Though the uncertainty isn't especially comforting, 76ers fans can't be too disappointed by Bynum's comments. It's especially encouraging to hear that he could be playing if he really needed to be playing.
For the time being, though, the 24-year-old is spending most of his time getting into game shape and learning how he'll fit into head coach Doug Collins' offensive system. Learning the plays is probably just as important as anything he could be doing on the floor at the moment.
---End of Update---
Thaddeus Young Suffers Ankle Sprain
Of the few players who are returning from last year's roster, forward Thaddeus Young is arguably the most important. Unfortunately, according to Philly.com's Bob Cooney, Young rolled his ankle during Friday's practice:
Holiday looks terrific in scrimmage. Thad Young sprained an ankle earlier, is day to day
— Bob Cooney (@BobCooney76) October 5, 2012
While the injury is not believed to be serious, it's not ideal to have one of your key players suffer an injury this early in the preseason. With so many new arrivals, Young is one of the few returning players who can provide some leadership and insight into how coach Doug Collins' system operates.
Bynum Running on Elliptical, Taking Things Slowly
Of primary concern to Sixers' fans is the health of center Andrew Bynum.
As he works his way back from a minor bone bruise, Bynum has been spotted doing some conditioning, according to Tom Moore of PhillyBurbs.com, who reports, "Bynum has been using the Elliptical machine for his conditioning, and lifting weights. He typically watches the intrasquad scrimmages and shoots around at a side basket."
It would be unfair to expect a lot from Bynum as the preseason continues, as the primary focus appears to be getting him back for the season opener on October 31st.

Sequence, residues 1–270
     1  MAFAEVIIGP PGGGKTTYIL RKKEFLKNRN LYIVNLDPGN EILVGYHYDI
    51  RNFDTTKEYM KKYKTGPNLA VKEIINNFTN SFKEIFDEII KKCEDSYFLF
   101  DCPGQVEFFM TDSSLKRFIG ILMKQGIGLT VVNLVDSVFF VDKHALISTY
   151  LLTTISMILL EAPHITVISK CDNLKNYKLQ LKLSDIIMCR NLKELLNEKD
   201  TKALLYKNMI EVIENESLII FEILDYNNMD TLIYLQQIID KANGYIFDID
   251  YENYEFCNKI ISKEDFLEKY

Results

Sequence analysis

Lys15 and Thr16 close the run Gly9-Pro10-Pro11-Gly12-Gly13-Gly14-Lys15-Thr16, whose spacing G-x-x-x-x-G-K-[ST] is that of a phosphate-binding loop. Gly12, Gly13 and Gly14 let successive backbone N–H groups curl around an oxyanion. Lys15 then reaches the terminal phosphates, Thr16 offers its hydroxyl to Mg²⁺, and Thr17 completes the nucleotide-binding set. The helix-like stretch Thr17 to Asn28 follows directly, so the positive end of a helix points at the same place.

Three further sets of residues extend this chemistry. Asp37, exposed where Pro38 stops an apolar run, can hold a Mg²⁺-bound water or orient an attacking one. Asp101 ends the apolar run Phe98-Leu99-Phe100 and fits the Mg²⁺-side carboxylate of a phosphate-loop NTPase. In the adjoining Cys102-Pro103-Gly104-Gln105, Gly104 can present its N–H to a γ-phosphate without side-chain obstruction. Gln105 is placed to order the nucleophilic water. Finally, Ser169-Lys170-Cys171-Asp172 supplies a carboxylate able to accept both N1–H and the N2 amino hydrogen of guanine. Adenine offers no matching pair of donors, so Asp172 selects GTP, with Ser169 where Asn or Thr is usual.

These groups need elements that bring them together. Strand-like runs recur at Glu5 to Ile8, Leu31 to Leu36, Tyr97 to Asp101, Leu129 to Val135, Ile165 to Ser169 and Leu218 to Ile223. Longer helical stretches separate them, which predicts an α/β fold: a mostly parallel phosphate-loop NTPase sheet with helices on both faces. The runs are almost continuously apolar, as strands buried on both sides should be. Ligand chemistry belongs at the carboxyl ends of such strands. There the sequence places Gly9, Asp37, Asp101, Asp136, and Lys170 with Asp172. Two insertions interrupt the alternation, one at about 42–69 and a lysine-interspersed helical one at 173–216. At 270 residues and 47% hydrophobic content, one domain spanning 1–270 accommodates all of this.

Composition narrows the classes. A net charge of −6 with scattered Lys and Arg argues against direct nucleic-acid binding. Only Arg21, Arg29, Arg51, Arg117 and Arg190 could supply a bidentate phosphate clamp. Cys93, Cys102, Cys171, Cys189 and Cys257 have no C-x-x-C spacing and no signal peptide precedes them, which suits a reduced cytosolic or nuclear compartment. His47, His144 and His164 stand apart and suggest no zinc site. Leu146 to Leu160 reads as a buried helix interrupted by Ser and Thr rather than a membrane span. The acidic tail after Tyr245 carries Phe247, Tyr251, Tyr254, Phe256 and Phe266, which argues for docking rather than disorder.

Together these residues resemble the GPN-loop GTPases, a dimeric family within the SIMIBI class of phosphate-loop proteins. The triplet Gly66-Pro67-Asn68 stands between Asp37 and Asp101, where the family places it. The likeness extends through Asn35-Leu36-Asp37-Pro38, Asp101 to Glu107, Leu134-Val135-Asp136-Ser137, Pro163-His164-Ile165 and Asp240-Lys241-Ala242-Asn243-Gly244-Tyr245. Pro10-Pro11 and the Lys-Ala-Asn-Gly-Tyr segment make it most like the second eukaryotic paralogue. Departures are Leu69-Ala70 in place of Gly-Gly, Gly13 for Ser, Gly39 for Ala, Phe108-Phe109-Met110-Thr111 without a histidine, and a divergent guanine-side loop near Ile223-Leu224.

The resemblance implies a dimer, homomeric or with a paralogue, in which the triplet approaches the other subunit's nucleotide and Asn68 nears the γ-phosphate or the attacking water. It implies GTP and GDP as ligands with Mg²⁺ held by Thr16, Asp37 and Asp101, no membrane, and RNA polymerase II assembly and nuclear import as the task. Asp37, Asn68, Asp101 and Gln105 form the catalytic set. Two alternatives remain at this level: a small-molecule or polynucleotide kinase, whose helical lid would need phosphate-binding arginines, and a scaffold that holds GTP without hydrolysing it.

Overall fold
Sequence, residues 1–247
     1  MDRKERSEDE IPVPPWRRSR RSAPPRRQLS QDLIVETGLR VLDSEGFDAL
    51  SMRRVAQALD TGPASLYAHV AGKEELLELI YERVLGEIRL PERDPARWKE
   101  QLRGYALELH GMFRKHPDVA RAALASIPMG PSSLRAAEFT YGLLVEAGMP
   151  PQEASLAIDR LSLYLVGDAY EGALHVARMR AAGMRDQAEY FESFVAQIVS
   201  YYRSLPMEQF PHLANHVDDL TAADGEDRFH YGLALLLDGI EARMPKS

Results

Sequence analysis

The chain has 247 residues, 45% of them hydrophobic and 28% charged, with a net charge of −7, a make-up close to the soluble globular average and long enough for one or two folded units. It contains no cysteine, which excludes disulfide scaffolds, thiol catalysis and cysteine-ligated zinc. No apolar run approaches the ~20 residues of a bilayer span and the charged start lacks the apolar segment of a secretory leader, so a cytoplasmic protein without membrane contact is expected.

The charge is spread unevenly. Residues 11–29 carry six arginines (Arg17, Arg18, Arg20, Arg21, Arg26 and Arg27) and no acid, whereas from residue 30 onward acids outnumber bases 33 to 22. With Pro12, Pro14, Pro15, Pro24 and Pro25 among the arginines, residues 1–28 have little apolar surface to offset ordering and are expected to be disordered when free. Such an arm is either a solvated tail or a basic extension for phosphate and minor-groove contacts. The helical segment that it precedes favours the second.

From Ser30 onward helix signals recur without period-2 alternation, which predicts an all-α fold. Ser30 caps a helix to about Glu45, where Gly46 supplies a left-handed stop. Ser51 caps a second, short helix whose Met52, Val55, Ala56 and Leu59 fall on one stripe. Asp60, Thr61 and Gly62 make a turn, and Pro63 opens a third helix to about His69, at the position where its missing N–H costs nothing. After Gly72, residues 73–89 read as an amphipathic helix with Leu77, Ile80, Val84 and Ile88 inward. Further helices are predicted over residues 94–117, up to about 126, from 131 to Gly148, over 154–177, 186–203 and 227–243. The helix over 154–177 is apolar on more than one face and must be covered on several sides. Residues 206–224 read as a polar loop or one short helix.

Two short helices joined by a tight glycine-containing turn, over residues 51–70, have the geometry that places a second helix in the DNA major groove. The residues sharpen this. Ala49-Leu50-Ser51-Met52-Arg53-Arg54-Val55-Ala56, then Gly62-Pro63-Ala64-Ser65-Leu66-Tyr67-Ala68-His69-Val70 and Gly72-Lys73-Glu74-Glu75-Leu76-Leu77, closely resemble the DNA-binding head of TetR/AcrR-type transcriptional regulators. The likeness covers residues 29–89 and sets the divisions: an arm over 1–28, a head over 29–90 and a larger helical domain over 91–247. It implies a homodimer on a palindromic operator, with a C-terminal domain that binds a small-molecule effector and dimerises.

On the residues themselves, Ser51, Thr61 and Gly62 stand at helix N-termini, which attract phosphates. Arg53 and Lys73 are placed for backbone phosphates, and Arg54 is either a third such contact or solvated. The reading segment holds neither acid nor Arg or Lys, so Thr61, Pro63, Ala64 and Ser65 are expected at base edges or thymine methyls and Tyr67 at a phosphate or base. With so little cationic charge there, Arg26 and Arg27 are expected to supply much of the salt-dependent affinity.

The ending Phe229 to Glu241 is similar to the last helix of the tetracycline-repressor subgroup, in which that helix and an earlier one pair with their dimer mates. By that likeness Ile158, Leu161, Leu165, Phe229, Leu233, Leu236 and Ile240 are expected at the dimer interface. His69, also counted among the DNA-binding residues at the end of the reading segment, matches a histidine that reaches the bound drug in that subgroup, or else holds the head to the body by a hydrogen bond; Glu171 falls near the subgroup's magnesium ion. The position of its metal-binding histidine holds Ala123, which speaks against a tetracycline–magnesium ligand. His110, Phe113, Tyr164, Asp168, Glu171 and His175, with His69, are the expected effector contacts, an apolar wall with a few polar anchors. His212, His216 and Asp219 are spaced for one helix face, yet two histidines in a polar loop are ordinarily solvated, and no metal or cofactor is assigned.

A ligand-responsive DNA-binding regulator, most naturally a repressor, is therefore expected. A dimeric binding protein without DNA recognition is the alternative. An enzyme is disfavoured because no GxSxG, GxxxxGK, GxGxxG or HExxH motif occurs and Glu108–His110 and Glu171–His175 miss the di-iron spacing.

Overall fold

(1) Jrue Holiday (2) Royal Ivey (3) Maalik Wayns
Jrue Holiday is the unquestioned starter at point guard here, with two interesting names behind him. Ivey and Wayns are a nice contrasting duo of reserves – one a veteran defensive specialist – and the other a determined young rookie.
Evan Turner will function as the real backup to Holiday, but his listed position will be the small forward.
(1) Jason Richardson (2) Nick Young
Richardson and Young provide the Sixers with the shooting they've sorely missed over the past few seasons. Andre Iguodala's departure means that Evan Turner will slide up to the 3, marking the end of the Turner-Jodie Meeks platoon at shooting guard.
Richardson will start, and figures to play somewhere in the neighborhood of 25-28 minutes per game. Young, on the other hand, will assume the role previously held by Lou Williams as the team's primary scorer off the bench.
It may have just been a meaningless scrimmage in training camp, but Philly.com's Bob Cooney tweeted out some play-by-play that should have some fans grinning:
Nick Young with 3 at buzzer to win it for second team— Bob Cooney (@BobCooney76) October 5, 2012
(1) Evan Turner (2) Thaddeus Young (3) Dorell Wright
If you're looking for the Sixers' position of greatest strength, it's the small forward. Evan Turner is entering the most crucial season of his young career, and will be given every chance to produce in Iguodala's former role. Averages of 15 points, five assists and seven rebounds are not out of the question for Turner.
Young is a tweener who can play both the 3 and the 4, so expect him to be moved all over the floor this year. Young's versatility and length will make him a nice fit defensively at the power forward, but as the Philadelphia Inquirer's Marc Narducci points out, his ability to refine his shooting stroke will determine how much time he sees at small forward.
The most interesting piece here is Dorell Wright. According to Tom Moore of PhillyBurbs.com, Wright has stood out in the early going, and his teammates have been impressed.
While Wright's outside shooting is his strongest attribute, Moore reports that center Spencer Hawes has taken notice of some other qualities: “I’ve been very impressed,” Spencer Hawes said after Thursday’s first practice at Saint Joseph’s University. “Defensively, his athleticism and his length is definitely something we’re going to be able to take advantage of."